The Dixie Bee-Liners come to Juanita's 


8 p.m., Juanita's. $8 adv., $10 d.o.s.

A lot of bluegrass outfits adhere strictly to the traditions of the genre, at times so much so that it feels a little academic and sterile. The Dixie Bee-Liners probably won't be accused of being overly devoted to convention. Their take on bluegrass weaves in other influences and instrumentation, particularly country and some flute playing that recalls British folk acts like Fairport Convention. Lead singer Brandi Hart sings in a clear, clean tone, harmonizing beautifully with the other band members on the group's latest, "Susanville," a concept album about travelers on the interstates and blue-line highways of America. Plinking, plucking banjo and mandolin strings move the songs forward while the fiddle scrapes out beautiful melodies and buzzing drones alike. This show would probably a good bet for anyone who's into that Be Good Tanyas/Avett Brothers indie-bluegrass milieu. RB.

7:30 p.m., Robinson Center Music Hall. $22-$52.

Can Celebrity Attractions and Broadway in Little Rock at large continue its successes of the past year? If there's a show that'll keep up the trend, it'll be "Chicago," a tried-and-true classic. For the uninitiated, the musical follows working-girl chorus dancer Roxie Hart, who, after killing her partner-in-adultery, winds up in jail, befriending Velma, a sultry vaudeville star and soon-to-be tabloid superstar. Filling this production's role of sensationalist lawyer Billy Flynn is John O'Hurley, the "Dancing with the Stars" all-star, former "Family Feud" host, and the eccentric J. Peterman, maybe the best supporting character in the entire "Seinfeld" universe.



7 p.m., Oaklawn Park, Hot Springs. $20.

Although everybody knows the Jitterbug and the Charleston and the Mashed Potato and Macarena and the Stanky Leg, there's little doubt that the Twist was the ultimate dance craze, evidenced by the multiple chart-topping singles it spawned in the early '60s. Though the original "Twist" was written and first recorded by Hank Ballard, of Midnighters fame, it was Chubby Checker who took the song to the top of the Billboard Hot 100 not once, but twice. Checker had other big dance craze hits as well, including follow-ups "Let's Twist Again" and "Slow Twistin'" as well as "Pony Time," "The Hucklebuck," "The Fly" and "Dance the Mess Around." 2011 finds Checker playing the nostalgia circuit, with upcoming appearances at casinos around the country and a spot on the Malt Shop Memories Cruise alongside Little Anthony & the Imperials, Lou Christie, and that thing Mike Love insists on calling the Beach Boys. RB.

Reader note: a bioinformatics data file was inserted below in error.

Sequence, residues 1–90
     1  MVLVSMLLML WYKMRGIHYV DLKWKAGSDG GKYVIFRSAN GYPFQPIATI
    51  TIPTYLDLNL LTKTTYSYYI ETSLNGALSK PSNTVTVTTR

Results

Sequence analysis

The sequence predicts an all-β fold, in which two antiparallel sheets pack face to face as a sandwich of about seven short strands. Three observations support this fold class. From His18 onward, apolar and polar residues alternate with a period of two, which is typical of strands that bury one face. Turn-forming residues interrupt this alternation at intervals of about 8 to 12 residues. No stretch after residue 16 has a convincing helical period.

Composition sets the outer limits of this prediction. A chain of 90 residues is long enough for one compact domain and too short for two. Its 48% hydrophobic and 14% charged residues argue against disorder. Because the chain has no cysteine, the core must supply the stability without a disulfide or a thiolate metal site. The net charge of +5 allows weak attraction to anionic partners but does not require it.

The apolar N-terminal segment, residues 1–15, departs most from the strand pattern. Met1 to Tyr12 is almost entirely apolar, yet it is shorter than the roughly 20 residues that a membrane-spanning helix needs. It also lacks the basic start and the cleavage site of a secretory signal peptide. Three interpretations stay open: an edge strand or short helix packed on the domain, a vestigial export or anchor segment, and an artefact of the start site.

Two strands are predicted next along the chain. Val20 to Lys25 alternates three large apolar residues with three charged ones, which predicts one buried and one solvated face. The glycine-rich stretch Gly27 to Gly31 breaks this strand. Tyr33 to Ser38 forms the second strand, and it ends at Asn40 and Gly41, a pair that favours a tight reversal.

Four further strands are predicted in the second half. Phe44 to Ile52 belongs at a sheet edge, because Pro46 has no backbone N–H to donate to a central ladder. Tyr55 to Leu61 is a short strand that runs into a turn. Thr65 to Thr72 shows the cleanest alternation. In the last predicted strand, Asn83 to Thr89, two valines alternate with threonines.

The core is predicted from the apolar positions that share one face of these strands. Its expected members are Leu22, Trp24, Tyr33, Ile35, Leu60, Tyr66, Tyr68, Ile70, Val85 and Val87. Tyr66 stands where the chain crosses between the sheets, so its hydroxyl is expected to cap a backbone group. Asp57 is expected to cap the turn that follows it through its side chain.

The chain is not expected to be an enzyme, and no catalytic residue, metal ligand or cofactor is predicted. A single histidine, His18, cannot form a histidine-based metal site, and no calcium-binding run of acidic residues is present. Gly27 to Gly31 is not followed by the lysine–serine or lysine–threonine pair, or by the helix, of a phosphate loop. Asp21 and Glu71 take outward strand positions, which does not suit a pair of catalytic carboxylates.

7:30 p.m., The Village at Hendrix. Pay what you can.

As it has in years past, the Arkansas Shakespeare Theatre takes a two-for-us, two-for-the-masses approach with its 2011 season. From The Bard: "Othello" and "As You Like It." From Aesop and Andrew Lloyd Webber, respectively: "The Tortoise and the Hare" and "Joseph and the Amazing Technicolor Dreamcoat." New this year and much appreciated, the festival splits time between Conway and North Little Rock. Furthermore, in Conway it splits time between Reynolds Performance Hall at UCA and the green at The Village at Hendrix. Shakespeare's comic romp "As You Like It" kicks off the season (and inaugurates the green at The Village at Hendrix) on Thursday night and continues at 7:30 p.m. for the following three nights. Meanwhile, Aesop's "The Tortoise and the Hare" debuts at 10 a.m. Friday at Reynolds. "Joseph and the Amazing Technicolor Dreamcoat" opens Thursday, June 23, at Reynolds. The North Little Rock portion of the program, which includes four performances of "As You Like It," starts on Friday, July 1, at the Argenta Community Theater. For more information and a full calendar, visit arkshakes.com. LM.



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